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Implement thread-safe queue in C++

Last Updated : 26 Dec, 2022
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What is a Thread-safe Queue?

A thread-safe queue is a data structure that is designed to provide thread safety for a concurrent environment. 

It is a data structure that allows multiple threads to access the same queue and enqueue and dequeue elements concurrently. The threads do not need to be synchronized, as the internal structure of the queue makes sure that the threads do not interfere with each other. Thus, it provides a safe and efficient way to access shared resources from multiple threads.

Why should we use Thread-safe Queue?

  • Thread-safe queues are commonly used in multi-threaded applications, where multiple threads need to access a shared resource. 
  • By using a thread-safe queue, the threads can safely access the queue without the need for synchronization. 
  • This makes it more efficient and less prone to errors. 
  • Thread-safe queues are also useful for tasks that need to be performed in parallel, as they can be used to distribute tasks among multiple threads.


A thread-safe queue in C++ can be implemented using a mutex along with a standard queue. A mutex is a synchronization object used to protect access to a shared resource, such as a thread-safe queue. The mutex should be locked before pushing or popping elements from the queue and unlocked after the operation is complete. A mutex is used to protect access to the queue, while a condition variable is used to wait for changes to the queue.

  • First, the mutex is used to lock the queue whenever a thread attempts to access it. This ensures that only one thread can access the queue at a time. After the thread has finished accessing the queue, it can unlock the mutex.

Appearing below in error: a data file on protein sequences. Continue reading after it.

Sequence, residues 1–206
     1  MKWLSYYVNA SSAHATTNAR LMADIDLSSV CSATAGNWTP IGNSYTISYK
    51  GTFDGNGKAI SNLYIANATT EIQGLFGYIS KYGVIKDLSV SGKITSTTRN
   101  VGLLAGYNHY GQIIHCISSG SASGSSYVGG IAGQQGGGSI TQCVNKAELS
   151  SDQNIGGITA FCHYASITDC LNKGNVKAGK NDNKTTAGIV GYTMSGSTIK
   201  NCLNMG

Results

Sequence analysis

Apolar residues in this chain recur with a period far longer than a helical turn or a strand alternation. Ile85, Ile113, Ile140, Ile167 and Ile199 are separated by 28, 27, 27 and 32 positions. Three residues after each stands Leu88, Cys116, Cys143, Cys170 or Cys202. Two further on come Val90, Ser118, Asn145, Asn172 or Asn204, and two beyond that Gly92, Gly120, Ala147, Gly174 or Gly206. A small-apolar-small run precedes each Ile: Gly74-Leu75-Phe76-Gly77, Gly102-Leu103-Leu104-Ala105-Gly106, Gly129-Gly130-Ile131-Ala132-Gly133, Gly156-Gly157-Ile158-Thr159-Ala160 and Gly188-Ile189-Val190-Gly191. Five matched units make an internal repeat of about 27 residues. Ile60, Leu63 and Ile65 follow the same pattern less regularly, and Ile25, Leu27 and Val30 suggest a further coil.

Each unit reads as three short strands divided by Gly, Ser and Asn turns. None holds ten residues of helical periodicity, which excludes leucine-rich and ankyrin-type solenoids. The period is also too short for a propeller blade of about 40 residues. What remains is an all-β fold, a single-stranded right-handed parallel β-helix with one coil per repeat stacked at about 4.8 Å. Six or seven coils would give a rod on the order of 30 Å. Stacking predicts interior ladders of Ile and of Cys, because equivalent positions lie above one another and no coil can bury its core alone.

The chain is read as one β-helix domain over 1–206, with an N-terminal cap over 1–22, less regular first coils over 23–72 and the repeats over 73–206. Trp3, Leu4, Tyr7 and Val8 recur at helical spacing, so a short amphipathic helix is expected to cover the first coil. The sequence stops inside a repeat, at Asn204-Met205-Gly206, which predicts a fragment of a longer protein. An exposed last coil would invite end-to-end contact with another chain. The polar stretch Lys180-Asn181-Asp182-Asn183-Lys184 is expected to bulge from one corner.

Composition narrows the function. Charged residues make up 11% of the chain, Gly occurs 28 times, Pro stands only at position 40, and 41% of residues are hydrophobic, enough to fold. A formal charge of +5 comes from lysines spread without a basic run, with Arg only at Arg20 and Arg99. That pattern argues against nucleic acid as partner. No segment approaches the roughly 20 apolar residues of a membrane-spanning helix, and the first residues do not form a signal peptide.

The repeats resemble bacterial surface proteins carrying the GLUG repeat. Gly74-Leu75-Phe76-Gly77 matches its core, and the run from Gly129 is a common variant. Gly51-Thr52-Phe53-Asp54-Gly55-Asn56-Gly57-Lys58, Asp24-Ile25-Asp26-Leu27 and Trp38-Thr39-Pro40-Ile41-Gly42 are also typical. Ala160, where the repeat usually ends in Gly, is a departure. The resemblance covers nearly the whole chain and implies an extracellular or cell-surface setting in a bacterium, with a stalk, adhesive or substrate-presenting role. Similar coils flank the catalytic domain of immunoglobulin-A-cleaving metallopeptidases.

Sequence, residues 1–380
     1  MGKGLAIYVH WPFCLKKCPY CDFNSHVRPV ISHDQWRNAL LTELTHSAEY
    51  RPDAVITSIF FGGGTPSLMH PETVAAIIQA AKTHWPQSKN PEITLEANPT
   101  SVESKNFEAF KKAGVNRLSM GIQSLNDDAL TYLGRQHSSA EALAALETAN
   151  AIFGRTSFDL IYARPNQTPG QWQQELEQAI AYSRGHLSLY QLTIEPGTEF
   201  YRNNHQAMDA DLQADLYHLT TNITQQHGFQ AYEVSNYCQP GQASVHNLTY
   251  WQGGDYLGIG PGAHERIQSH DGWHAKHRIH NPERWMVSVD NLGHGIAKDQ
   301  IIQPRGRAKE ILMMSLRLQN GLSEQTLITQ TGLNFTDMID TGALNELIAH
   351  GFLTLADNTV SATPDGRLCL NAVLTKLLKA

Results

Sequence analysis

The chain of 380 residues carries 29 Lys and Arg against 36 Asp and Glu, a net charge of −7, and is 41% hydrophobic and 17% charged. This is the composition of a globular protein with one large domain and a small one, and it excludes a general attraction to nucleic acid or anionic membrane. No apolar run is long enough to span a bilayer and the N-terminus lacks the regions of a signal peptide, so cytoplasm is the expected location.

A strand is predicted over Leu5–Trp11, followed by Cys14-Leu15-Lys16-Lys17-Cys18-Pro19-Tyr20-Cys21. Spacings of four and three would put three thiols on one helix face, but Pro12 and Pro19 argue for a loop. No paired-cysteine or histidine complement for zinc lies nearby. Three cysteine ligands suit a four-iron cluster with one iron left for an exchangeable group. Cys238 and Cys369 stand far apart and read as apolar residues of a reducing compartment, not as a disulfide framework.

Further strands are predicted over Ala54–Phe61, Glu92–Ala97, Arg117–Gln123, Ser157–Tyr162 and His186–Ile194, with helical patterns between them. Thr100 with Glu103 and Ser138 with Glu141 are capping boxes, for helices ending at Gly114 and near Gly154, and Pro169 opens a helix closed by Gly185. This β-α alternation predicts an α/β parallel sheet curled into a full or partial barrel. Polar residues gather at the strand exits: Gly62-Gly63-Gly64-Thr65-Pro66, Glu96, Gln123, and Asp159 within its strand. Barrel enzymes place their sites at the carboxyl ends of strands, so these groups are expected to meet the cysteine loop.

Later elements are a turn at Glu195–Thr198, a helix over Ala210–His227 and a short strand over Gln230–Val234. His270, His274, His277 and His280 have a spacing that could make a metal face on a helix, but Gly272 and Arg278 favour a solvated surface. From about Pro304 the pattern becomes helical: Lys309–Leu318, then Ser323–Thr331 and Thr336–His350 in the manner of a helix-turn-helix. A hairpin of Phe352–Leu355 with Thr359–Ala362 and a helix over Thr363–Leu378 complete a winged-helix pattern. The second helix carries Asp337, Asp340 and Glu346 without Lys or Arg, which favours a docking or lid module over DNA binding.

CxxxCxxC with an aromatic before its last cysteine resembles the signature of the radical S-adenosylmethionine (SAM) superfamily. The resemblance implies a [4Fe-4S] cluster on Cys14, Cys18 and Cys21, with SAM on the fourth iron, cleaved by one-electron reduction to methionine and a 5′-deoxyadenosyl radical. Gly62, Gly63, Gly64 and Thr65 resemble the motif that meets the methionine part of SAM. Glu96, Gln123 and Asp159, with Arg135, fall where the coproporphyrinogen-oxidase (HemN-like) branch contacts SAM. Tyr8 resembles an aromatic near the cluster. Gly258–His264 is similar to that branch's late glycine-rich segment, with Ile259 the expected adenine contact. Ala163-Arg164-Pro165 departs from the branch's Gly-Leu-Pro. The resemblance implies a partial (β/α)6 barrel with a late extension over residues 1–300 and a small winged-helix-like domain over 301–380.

• Next, a condition variable is used to wait for changes to the queue. When a thread adds an item to the queue, it signals the condition variable to indicate that the queue has changed. This allows threads that are waiting for changes to the queue to be woken up and continue.
  • Finally, when a thread attempts to remove an item from the queue, it must first check if the queue is empty. If it is, it can wait on the condition variable until an item is added to the queue. This ensures that the thread will not attempt to remove an item from an empty queue.

Below is the implementation of the above discussion:


// C++ implementation of the above approach
#include <condition_variable>
#include <iostream>
#include <mutex>
#include <queue>
// Thread-safe queue
template <typename T>
class TSQueue {
    // Underlying queue
    std::queue<T> m_queue;
    // mutex for thread synchronization
    std::mutex m_mutex;
    // Condition variable for signaling
    std::condition_variable m_cond;
    // Pushes an element to the queue
    void push(T item)
        // Acquire lock
        std::unique_lock<std::mutex> lock(m_mutex);
        // Add item
        // Notify one thread that
        // is waiting
    // Pops an element off the queue
    T pop()
        // acquire lock
        std::unique_lock<std::mutex> lock(m_mutex);
        // wait until queue is not empty
                    [this]() { return !m_queue.empty(); });
        // retrieve item
        T item = m_queue.front();
        // return item
        return item;
// Driver code
int main()
    TSQueue<int> q;
    // Push some data
    // Pop some data
    std::cout << q.pop() << std::endl;
    std::cout << q.pop() << std::endl;
    std::cout << q.pop() << std::endl;
    return 0;



Time Complexity: Best Case : O(1), Worst Case: O(n)
Auxiliary Space: O(n)

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